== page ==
It's finally done! I started it up in mid-February, 2004, and it was the first time it had run since sometime in 1985. It is basically a 1975 RD350B with a bunch of 1978 RD400E parts, and a bunch of aftermarket parts. My intent with all of the modifications was to improve the performance and reliability, and reduce the maintenance required, while still preserving the classic '70's look. You can be the judge of how successful I was.
The RD400 parts include the brakes, front forks, top triple clamp, front fender, grab bar, carburetors, wiring harness, instrument panel, tachometer, speedometer and handlebar switches. I had to modify the right handlebar switch so I could turn the lights off (helpful if you need to start it with a weak battery) as the 400E had the light switch fixed in the ON position to meet the US headlight regulation. The aftermarket parts include a Newtronic electronic ignition system, a Rick's rectifier/regulator, tapered roller bearings for the steering head, a Spec II needle bearing swing arm kit, K&N filter and Y boot from Pro-Flo, DG exhausts from Pro-Flo, Progressive Suspension fork springs, Koni shock absorbers, Bikemaster G.P. Touring handlebars, a Shindy front brake master cylinder and Russell stainless hydraulic lines front and rear. The original cable-operated clutch was a bear to operate so I converted it to hydraulic using a Shindy master cylinder, Russell hydraulic line and a slave cylinder from a Suzuki 1200 Bandit. The tires are Bridgestone BT45's. I had the seat recovered at Sargent Cycle Products and used some Ken Sean mirrors I got at Dennis Kirk. I replaced the original 25/35 Watt sealed beam headlight with a 55/60 Watt quartz halogen unit. Everything else is pretty much stock RD350. My friend Matt did a fine job repainting most of the parts. For the tank, side covers, headlight shell and headlight brackets, I decided to go with the metallic blue instead of the original Portuguese Orange to hopefully attract less "official" attention, but I doubt this will help due to the extreme noise from the DG pipes.
One of the more troublesome modifications was trying to use the RD400 wiring system. I originally decided to do this to take advantage of two features - the RD400 has self-canceling turn signals, and it has an electronic voltage regulator. Well, I discovered that the RD400 voltage regulator is incompatible with the RD350 alternator. I originally bought an Electrex rectifier/regulator to fix this, and ended up with the Rick's rectifier/regulator after the Electrex unit failed. Also, when I finally got the bike on the road I discovered that the self-canceling feature didn't work. I had to buy a new $80 control module to fix this. So I ended up having to spend over $200 to make the RD400 wiring system work, but I do how have an up-to-date voltage regulator, and self-canceling turn signals, so I guess I can't complain too much.
If you'd like more details on some of the modifications, check out my RD350B Modifications Page or click on one of the links below:
1. Electronic Ignition 2. Rectifier/Regulator 3. Air Filter Kit 4. Exhausts 5. Forks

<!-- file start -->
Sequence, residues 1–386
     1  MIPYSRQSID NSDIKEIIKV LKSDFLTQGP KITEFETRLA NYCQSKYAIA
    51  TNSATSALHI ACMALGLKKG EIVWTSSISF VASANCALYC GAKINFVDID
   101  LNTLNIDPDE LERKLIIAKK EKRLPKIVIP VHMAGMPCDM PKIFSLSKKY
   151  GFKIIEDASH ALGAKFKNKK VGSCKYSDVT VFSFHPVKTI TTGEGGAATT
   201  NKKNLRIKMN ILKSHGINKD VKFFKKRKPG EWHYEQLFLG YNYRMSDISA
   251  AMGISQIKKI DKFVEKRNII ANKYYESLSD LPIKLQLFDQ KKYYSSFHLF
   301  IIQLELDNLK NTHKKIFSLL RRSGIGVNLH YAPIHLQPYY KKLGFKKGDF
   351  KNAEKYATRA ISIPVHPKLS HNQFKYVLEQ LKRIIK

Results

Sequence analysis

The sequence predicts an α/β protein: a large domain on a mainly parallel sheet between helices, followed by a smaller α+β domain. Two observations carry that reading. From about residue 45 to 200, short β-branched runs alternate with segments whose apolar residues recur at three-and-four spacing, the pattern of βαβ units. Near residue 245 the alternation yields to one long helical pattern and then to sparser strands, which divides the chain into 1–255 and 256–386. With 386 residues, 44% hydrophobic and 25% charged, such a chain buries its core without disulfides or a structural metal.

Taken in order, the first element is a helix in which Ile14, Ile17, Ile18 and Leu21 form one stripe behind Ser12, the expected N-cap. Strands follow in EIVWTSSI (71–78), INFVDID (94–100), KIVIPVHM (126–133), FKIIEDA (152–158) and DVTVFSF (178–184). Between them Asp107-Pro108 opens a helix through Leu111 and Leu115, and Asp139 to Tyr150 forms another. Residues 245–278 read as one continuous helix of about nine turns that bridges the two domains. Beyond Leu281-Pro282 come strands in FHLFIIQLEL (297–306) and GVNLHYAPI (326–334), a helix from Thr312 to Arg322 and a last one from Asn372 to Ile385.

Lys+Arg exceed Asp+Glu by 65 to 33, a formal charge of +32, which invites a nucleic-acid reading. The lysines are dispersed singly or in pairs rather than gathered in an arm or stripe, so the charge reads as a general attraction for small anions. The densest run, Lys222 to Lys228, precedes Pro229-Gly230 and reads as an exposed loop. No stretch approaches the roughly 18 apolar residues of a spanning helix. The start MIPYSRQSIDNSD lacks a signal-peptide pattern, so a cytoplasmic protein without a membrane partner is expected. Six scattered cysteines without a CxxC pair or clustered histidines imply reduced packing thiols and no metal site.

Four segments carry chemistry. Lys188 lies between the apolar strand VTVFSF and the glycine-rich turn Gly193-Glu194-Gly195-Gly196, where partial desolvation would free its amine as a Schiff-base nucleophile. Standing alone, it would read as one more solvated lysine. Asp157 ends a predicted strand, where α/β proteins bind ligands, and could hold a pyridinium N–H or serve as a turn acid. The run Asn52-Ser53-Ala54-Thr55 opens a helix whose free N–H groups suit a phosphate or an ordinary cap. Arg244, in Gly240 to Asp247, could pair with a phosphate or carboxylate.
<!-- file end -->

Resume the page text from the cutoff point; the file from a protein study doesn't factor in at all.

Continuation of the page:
6. Fork Springs 7. Shocks 8. Front Brake Master Cylinder 9. Hydraulic Clutch Conversion
10. Mirrors 11. Seat 12. Headlight 13. Tires 14. Rear Disc Brake 15. Intake Crossover
16. Battery 17. Rearsets 18. Swingarm Needle Bearing Kit 19. Steering Bearing Kit
20. Carbs & Jetting 21. Toolkit 22. Handlebars 23. Horn 24. Fuel Tank Crossover
25. Ignition Coils 26. Wheels
Here is a photo of me with a couple of other Yamaha 2-strokers that was taken in September, 2005 at a classic motorcycle poker run in Thurmont, MD:
In case you couldn't figure it out, that's me on the left. The other guys were regulars on the USA2strokers forum, which is how I met them.
Technical Service Bulletins:
Useful Links and Parts Sources:
Bike Bandit - Great source for OEM parts. They have online parts diagrams for Yamaha bikes and indicate which parts have been discontinued. Their prices are generally lower than my local Yamaha dealer.
Bolt Depot.com - Good source for nuts and bolts, especially stainless steel.
Cyclepages.com - Good source for aftermarket parts and accessories. Their customer service is not great, but I've always gotten what I've ordered. Update: They seem to have gone out of business, so I have removed the link.
Dennis Kirk - Good source for aftermarket parts and accessories. Great customer service and quick shipping.
Flanders Company - Source for vintage parts and accessories. I haven't used them but have heard good things.
Friendly Yamaha - Great source for OEM and aftermarket parts. Great customer service and quick shipping.
HVC Cycle - Great source for vintage RD parts. Great customer service and quick shipping.
Parts N More - Great source for vintage RD parts. Low prices and quick shipping, considering they are in Canada.
PowerSportsPro - Good source for OEM and aftermarket parts. Shipping can sometimes be slow.
Reproduction Decals - Source for vintage motorcycle decals. I recently bought a set of RD350B sidecover decals from them. They are not exactly the same as the OEM decals, but are of good quality and are close enough for me.
Sargent Cycle - Great source for seat modifications and recovering.
Sirius Consolidated - Great source for vintage carb kits. Great customer service and quick shipping.
Speed & Sport - Great source for New Old Stock Yamaha parts. Great customer service and quick shipping.
Yamaha USA Parts Diagrams - Great source for parts diagrams for all Yamaha bikes back to the mid '60's. They have also included technical service bulletins and service data for most of the older models.
This page was last updated on December 30, 2013